Surviving In This Very Moment…

My Personal Battle with Prostate Cancer … And Life!

How I’m Doing…

How I'm Doing...

How I’m Doing…

Rather than have to read through tons of posts (as I continue to post the blog will naturally grow) I will post my current state of health here. As things change, as they will from time to time, I will update this page.

Stage P1c: Prostate cancer diagnosed by biopsy.
Bone and CAT scans show no metastatic cancer but because I have two replaced hips and a titanium back, there is a great deal of scatter in the CAT Scan seen in the groin that clouds this positive diagnosis. Along with the removal of the prostate itself, my urologist removed lymph nodes during surgery and biopsied them to make sure the tumor was contained within the prostate itself.


My prostate was removed using the DiVinci Robotic Surgical Technique. The prostate biopsy reported a 35% involvement of the prostate. The tumor had a Gleason Score of 4+4 (simplified as 8) making the tumor a very aggressive strain. Some of the tumor was reported to be near the margin of the prostate but had not yet reached the margin meaning that the tumor was completely contained in the gland itself. In addition, the biopsy of the lymph nodes was negative indicating that there was no metastasis. In short, at this very moment I am cancer free. This is the best possible news I could receive under the circumstances.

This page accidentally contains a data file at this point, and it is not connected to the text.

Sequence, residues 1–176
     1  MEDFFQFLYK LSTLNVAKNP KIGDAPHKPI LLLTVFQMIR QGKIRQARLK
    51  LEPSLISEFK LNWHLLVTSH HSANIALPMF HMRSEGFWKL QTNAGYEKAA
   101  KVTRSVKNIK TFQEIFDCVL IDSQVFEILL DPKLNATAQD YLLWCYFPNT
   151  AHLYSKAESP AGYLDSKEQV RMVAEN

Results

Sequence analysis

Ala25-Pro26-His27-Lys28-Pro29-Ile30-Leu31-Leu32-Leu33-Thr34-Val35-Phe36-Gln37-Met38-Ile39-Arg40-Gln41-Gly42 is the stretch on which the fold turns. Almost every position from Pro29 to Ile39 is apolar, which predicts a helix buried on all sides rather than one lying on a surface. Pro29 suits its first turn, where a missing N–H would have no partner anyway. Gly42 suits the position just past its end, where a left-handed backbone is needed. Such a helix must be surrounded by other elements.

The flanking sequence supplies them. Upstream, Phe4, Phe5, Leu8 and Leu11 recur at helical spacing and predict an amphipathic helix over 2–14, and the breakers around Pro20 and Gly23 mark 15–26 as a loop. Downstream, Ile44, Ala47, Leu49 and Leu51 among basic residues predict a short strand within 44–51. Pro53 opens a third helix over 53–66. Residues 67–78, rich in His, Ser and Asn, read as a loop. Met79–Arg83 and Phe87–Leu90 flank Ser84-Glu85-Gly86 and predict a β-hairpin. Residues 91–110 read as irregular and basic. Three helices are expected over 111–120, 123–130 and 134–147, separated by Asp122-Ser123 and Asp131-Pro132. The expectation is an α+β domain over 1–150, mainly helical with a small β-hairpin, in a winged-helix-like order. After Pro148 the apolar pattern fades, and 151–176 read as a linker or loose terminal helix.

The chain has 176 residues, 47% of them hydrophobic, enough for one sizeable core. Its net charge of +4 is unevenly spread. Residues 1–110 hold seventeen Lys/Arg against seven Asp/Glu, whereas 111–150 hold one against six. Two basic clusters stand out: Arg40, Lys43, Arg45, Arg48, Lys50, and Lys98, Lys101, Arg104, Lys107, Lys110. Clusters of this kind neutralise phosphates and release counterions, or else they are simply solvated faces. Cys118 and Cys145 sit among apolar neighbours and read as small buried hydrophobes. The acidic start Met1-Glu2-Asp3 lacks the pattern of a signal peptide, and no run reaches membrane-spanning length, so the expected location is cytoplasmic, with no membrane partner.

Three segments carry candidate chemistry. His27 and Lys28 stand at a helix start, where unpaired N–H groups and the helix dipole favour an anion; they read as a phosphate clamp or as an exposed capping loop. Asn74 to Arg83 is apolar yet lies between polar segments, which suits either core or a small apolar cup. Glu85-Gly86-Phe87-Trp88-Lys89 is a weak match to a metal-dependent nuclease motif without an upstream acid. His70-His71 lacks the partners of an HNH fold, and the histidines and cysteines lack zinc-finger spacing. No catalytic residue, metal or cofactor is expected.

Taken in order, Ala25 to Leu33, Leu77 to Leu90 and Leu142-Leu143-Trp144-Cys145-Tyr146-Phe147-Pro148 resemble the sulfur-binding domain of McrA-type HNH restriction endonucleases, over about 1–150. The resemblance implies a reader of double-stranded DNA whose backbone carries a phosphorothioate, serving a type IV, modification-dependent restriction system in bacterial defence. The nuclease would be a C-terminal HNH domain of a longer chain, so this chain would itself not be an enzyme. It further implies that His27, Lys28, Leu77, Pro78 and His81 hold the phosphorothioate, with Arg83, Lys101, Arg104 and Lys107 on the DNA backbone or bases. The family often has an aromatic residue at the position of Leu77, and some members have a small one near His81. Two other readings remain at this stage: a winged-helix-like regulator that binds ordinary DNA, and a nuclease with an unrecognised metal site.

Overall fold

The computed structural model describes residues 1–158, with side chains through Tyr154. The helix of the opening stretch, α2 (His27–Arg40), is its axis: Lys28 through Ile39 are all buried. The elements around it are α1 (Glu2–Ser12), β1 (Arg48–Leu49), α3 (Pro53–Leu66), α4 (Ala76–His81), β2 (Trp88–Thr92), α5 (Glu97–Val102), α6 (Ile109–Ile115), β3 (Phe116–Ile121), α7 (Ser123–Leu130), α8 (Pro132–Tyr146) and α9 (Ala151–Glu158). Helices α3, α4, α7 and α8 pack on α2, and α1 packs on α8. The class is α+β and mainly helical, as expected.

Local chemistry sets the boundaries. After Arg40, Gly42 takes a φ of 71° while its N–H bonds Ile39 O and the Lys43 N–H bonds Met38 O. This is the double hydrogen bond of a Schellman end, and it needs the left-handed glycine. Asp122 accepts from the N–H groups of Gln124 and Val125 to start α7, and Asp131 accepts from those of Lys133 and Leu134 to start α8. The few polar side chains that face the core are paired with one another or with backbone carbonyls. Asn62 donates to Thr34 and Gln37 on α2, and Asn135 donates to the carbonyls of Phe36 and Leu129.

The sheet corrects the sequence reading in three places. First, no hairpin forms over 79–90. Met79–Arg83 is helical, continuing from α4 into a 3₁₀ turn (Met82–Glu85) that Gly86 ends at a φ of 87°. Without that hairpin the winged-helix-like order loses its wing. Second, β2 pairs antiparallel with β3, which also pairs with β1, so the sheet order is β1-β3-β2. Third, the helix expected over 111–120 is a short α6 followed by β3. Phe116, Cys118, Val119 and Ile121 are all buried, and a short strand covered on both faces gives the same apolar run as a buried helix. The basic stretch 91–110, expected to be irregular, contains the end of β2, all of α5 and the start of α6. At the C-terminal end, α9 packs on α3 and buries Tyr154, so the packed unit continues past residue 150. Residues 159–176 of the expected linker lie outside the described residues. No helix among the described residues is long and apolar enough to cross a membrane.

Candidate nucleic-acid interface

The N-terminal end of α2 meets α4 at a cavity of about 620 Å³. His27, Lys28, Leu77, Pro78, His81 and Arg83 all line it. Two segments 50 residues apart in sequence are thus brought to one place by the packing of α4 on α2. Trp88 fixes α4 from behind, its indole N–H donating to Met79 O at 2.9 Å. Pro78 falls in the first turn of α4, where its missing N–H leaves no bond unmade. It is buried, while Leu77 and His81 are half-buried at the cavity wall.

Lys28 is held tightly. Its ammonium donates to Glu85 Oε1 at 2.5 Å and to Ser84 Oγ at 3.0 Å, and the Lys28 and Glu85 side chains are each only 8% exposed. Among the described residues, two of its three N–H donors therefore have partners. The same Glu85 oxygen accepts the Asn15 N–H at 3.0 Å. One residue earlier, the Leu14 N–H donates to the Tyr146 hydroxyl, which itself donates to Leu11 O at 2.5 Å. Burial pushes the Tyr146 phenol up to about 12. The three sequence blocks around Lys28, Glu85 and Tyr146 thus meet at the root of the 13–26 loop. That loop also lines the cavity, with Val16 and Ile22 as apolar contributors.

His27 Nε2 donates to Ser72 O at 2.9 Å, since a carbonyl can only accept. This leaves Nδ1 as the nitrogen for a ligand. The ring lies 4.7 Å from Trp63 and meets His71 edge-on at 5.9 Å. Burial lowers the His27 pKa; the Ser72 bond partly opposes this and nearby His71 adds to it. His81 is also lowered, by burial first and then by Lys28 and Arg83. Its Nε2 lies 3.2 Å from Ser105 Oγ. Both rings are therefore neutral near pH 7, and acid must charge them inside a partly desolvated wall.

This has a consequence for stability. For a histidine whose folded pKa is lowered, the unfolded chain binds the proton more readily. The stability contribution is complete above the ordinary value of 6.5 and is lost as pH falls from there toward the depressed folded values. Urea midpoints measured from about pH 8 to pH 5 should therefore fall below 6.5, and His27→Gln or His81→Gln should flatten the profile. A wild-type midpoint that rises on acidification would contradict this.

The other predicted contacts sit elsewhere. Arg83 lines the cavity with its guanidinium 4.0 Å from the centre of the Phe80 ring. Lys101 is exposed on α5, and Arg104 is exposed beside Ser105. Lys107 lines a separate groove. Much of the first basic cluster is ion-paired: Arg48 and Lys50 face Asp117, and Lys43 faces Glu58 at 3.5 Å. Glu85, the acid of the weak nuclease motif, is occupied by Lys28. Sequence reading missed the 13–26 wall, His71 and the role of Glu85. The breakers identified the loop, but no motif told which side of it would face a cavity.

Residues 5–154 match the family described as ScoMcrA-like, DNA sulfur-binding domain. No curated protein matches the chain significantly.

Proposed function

At this time my prognosis is quite good. The surgery was apparently a “cure” with something like a 15% mortality over ten years. Having apparently caught the cancer quite early I can look forward to being cancer free for some time to come.

I am prepared for the two potential side effects of the removal of my prostate surgically: incontinence and impotency however, I cannot predict how I’ll respond to either at this moment. Time will tell.


Currently I have both side effects deriving from robotic radical prostatectomy. Both the inconvenience of some degree of incontinence requiring me to wear adult diapers and erectile dysfunction are present. I see my urologist on the 27th and will ask about the prognosis for both of these side effects. The truth is that even if they don’t go away, I appear to have caught this cancer in its early stages and I am alive. Minor inconveniences are a worthwhile trade-off for extended life.

My post-op PSA was measured at 0.06, far better than expected. While there is still room for a recurrence of the disease, the prognosis is the very best I could have hoped for.


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